Minkowski's theorem

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A set in 2 satisfying the hypotheses of Minkowski's theorem.

In mathematics, Minkowski's theorem is the statement that any convex set in which is symmetric with respect to the origin and which has volume greater than contains a non-zero integer point. The theorem was proved by Hermann Minkowski in 1889 and became the foundation of the branch of number theory called the geometry of numbers. It can be extended from the integers to any lattice and to any symmetric convex set with volume greater than , where denotes the covolume of the lattice (the absolute value of the determinant of any of its bases).

Formulation[edit]

Suppose that L is a lattice of determinant d(L) in the n-dimensional real vector space n and S is a convex subset of n that is symmetric with respect to the origin, meaning that if x is in S then x is also in S. Minkowski's theorem states that if the volume of S is strictly greater than 2n d(L), then S must contain at least one lattice point other than the origin. (Since the set S is symmetric, it would then contain at least three lattice points: the origin 0 and a pair of points ±x, where xL \ 0.)

Example[edit]

The simplest example of a lattice is the integer lattice n of all points with integer coefficients; its determinant is 1. For n = 2, the theorem claims that a convex figure in the Euclidean plane symmetric about the origin and with area greater than 4 encloses at least one lattice point in addition to the origin. The area bound is sharp: if S is the interior of the square with vertices (±1, ±1) then S is symmetric and convex, and has area 4, but the only lattice point it contains is the origin. This example, showing that the bound of the theorem is sharp, generalizes to hypercubes in every dimension n.

Proof[edit]

The following argument proves Minkowski's theorem for the specific case of L = ℤ2. It can be generalized to arbitrary lattices in arbitrary dimensions.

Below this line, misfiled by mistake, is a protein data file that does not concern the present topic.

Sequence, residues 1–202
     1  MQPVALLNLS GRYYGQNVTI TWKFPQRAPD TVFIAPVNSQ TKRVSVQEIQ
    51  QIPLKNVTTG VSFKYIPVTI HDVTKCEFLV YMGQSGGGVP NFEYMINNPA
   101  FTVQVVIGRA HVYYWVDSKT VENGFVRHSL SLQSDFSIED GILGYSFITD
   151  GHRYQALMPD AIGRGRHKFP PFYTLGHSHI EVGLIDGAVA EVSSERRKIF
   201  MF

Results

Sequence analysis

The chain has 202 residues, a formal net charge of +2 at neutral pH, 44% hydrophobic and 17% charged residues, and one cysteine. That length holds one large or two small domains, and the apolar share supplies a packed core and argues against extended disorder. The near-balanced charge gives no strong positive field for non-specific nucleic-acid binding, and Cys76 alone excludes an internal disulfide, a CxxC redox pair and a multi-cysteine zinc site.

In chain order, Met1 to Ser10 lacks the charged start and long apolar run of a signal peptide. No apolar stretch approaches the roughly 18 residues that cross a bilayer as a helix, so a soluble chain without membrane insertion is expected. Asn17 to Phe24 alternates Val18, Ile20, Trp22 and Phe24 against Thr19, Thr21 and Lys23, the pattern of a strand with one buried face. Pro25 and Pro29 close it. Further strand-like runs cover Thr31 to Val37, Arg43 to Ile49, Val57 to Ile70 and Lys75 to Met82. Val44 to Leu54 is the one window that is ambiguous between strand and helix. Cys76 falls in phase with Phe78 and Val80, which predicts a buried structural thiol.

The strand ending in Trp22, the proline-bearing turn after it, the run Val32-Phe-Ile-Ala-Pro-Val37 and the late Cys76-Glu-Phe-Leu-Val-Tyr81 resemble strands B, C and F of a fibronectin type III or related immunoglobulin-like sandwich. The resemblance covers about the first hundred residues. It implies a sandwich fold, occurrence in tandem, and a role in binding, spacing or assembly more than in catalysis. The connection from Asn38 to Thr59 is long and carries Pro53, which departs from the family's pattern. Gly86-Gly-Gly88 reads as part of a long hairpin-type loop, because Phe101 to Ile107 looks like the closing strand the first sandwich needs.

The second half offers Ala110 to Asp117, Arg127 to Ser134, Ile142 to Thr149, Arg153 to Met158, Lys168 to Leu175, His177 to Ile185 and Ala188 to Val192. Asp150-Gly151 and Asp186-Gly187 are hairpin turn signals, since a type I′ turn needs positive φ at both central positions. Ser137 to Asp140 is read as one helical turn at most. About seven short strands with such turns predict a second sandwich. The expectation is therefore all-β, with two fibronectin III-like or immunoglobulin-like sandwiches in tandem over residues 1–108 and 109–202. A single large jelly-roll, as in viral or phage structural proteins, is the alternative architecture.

Consider the map

Intuitively, this map cuts the plane into 2 by 2 squares, then stacks the squares on top of each other. Clearly f(S) has area less than or equal to 4, because this set lies within a 2 by 2 square. Assume for a contradiction that f could be injective, which means the pieces of S cut out by the squares stack up in a non-overlapping way. Because f is locally area-preserving, this non-overlapping property would make it area-preserving for all of S, so the area of f(S) would be the same as that of S, which is greater than 4. That is not the case, so the assumption must be false: f is not injective, meaning that there exist at least two distinct points p1, p2 in S that are mapped by f to the same point: f(p1) = f(p2).

Because of the way f was defined, the only way that f(p1) can equal f(p2) is for p2 to equal p1 + (2i, 2j) for some integers i and j, not both zero. That is, the coordinates of the two points differ by two even integers. Since S is symmetric about the origin, p1 is also a point in S. Since S is convex, the line segment between p1 and p2 lies entirely in S, and in particular the midpoint of that segment lies in S. In other words,

is a point in S. But this point (i,j) is an integer point, and is not the origin since i and j are not both zero. Therefore, S contains a nonzero integer point.

Applications[edit]

An application of this theorem is the result that every class in the ideal class group of a number field K contains an integral ideal of norm not exceeding a certain bound, depending on K, called Minkowski's bound: the finiteness of the class number of an algebraic number field follows immediately.

Minkowski's theorem is also useful to prove Lagrange's four-square theorem, which states that every natural number can be written as the sum of the squares of four natural numbers.

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